I recently read a wonderful post in the Kindness blog by April V. Walters. It was about *Hoʻoponopono, an ancient Hawaiian practice of reconciliation and forgiveness.

Ms. Walters was writing about being with her dying father and how this practice helped her have closure with him. Hoʻoponopono begins with a list of things to say to a dying person, such as: “Thank you.”  “I love you.” “I’ll never forget you.” “I’m sorry.” “Forgive me.”

Reading this brought back my days and nights with my mother while she was in Hospice care. We always told each other every day, “I love you with all my heart.” I felt that the rest was understood; in fact, when I search my heart, I know that we both understood that we had forgiven each other our minor faults a long time ago. I also know that, to my last breath, I will never forget my mother.

Ms. Walters mentioned in her post that these phrases aren’t just good to say when someone is dying, but also things that we should say more of in our day-to-day lives. I couldn’t agree more.

I become so interested in Hoʻoponopono that I researched it a little more.

The phrase “I’m sorry” is repentance for anything said or done in anger or hurt. As negative thoughts and actions have a real presence and force, saying “I’m sorry” will help restore balance and calm to both the speaker and to the receiver.

The phrase “forgive me” means just that—to any and all, ask forgiveness and mean it.

The phrase “thank you” is wonderful energy that permeates everything—say it, mean it. We can thank the person for being in our lives and making it better. We can thank God for our health and life. We can thank the Universe for all that it gives us. And so on.

The phrase “I love you” can be meant for someone specific, a group of people, the world, the universe—again, all positive energy positively affects everything.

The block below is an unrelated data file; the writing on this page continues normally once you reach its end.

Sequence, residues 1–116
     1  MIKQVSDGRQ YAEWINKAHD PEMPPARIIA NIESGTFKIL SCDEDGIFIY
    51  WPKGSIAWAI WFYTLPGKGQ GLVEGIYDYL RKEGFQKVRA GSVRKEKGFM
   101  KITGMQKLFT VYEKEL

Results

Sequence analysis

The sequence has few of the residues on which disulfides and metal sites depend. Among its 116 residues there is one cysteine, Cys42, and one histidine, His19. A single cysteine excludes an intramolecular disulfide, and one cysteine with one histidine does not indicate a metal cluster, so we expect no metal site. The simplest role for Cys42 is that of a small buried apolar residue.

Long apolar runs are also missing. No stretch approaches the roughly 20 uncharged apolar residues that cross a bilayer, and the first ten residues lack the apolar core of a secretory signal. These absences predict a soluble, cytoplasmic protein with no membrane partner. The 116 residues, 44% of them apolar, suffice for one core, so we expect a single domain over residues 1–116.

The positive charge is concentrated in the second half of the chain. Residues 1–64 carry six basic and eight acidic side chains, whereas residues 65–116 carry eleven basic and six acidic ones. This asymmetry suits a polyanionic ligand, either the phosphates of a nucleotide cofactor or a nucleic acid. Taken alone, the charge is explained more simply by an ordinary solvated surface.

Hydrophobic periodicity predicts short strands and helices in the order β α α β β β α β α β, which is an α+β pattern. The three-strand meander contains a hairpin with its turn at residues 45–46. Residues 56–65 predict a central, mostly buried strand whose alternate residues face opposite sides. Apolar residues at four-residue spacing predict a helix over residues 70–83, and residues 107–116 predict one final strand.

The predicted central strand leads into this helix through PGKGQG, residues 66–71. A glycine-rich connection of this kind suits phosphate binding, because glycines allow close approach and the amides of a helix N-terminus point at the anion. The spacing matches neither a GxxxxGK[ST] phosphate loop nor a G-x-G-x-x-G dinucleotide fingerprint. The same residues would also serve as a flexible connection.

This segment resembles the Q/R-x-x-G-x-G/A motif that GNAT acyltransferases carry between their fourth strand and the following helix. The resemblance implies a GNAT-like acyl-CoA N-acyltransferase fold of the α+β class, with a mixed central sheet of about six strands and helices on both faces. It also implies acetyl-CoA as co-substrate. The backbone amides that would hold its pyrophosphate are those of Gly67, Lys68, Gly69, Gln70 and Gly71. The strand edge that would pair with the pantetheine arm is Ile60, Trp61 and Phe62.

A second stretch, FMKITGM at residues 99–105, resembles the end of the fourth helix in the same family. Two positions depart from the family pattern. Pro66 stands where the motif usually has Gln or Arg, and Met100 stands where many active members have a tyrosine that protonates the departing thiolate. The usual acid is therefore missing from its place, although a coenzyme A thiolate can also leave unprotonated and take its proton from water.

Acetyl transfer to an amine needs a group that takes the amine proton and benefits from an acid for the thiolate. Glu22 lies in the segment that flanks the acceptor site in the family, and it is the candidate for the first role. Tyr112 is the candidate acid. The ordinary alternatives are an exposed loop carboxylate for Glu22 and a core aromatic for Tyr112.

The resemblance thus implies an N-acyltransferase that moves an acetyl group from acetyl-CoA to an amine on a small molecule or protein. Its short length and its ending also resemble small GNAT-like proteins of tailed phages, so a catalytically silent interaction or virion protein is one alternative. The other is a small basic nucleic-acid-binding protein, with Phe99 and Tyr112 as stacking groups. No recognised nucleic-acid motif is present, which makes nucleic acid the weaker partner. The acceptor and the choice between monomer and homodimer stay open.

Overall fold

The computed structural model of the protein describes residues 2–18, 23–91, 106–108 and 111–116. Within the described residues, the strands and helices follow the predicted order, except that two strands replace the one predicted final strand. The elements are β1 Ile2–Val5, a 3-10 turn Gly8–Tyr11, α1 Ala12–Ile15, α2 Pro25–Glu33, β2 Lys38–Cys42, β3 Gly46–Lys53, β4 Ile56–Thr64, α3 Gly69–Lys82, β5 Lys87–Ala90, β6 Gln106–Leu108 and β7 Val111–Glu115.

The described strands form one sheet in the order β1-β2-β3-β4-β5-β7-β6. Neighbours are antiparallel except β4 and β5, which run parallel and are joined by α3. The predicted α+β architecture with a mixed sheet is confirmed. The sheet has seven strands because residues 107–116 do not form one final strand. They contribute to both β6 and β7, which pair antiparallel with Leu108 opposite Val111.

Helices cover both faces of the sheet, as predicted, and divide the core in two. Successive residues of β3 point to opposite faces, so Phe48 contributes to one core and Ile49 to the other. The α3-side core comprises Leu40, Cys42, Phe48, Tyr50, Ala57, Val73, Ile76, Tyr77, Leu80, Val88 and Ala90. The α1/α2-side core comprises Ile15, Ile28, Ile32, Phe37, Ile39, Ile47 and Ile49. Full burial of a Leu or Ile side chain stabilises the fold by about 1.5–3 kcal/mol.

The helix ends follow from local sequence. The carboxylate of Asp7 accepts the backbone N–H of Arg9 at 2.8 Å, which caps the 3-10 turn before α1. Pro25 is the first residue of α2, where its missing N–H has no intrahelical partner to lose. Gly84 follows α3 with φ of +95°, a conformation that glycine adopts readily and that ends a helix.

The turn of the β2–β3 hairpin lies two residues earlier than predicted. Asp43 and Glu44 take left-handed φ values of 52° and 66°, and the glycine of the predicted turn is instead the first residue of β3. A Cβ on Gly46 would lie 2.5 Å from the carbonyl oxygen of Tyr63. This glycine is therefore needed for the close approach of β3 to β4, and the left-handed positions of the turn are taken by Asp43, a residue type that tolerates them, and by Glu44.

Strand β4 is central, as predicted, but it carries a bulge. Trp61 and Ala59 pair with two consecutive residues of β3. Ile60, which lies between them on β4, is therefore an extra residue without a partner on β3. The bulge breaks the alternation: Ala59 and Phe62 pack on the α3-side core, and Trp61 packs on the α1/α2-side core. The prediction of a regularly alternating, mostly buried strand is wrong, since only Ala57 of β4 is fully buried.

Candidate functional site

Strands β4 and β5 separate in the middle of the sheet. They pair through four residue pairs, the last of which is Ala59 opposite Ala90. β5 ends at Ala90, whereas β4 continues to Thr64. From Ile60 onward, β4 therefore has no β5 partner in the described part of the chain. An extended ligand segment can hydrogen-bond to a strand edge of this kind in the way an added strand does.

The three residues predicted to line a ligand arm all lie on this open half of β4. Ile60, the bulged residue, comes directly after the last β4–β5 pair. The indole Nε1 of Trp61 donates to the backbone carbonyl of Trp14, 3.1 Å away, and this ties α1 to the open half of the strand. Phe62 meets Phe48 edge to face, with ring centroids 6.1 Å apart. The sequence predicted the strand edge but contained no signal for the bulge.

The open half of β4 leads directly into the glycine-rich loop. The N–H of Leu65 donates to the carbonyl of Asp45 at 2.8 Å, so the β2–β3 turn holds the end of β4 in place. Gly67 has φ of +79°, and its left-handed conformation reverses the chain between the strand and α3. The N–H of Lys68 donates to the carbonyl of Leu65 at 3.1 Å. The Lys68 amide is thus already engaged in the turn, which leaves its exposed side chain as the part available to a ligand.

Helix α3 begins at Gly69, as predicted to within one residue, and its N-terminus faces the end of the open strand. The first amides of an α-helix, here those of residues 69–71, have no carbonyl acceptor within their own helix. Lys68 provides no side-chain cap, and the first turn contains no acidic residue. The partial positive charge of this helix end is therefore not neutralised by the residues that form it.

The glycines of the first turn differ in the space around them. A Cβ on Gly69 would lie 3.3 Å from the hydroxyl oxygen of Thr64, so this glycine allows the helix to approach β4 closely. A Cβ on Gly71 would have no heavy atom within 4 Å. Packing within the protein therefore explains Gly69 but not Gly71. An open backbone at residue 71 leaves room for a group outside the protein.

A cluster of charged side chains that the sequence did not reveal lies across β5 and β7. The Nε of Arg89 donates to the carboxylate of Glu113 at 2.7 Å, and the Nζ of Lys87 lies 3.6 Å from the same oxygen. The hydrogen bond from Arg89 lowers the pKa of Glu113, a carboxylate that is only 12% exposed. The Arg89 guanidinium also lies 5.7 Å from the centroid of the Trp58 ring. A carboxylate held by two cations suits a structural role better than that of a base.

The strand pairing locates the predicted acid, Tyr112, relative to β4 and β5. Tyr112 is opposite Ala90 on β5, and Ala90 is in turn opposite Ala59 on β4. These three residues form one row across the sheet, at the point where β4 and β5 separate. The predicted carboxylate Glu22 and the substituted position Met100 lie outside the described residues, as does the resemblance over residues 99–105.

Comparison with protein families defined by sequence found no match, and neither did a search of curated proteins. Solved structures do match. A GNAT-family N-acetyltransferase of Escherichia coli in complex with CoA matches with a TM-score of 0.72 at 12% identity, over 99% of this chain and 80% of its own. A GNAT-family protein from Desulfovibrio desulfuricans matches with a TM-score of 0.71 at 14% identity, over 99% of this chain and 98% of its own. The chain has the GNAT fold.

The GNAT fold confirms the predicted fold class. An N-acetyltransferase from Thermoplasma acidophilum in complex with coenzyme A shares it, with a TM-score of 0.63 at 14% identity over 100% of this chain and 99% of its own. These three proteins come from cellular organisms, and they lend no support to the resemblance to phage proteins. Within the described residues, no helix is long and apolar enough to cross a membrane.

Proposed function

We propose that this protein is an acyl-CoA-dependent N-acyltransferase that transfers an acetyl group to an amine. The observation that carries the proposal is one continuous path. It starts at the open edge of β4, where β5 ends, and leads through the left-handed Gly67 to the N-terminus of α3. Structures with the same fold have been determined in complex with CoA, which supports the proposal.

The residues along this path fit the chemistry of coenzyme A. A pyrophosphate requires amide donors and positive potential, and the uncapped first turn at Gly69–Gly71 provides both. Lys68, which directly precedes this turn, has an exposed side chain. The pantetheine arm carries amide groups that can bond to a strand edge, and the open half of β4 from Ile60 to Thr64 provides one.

It is an ancient belief that anger, fear, doubt, worry, i.e., negativity in general; can sicken the body and mind. Actually, researchers have made connections in the last few decades between negative thoughts; anger or fear or worry, and so on and illness. These feelings really can make a person sick; bad feelings held inside are not good for us. The way to cleanse ourselves of these things is to be thankful, positive, forgiving, kind and loving.

That’s one more good thing I’m going to remember. I am adding Hoʻoponopono to my To Do list right along with don Miguel Ruiz’s Four Agreements:

  • Be impeccable with your word
  • Don’t take anything personally
  • Don’t make assumptions
  • Always do your best

*Hoʻoponopono (ho-o-pono-pono) is an ancient Hawaiian practice of reconciliation and forgiveness. Similar forgiveness practices were performed on islands throughout the South Pacific, including Samoa, Tahiti and New Zealand. Traditionally hoʻoponopono is practiced by healing priests or kahuna lapaʻau among family members of a person who is physically ill. Modern versions are performed within the family by a family elder, or by the individual alone.



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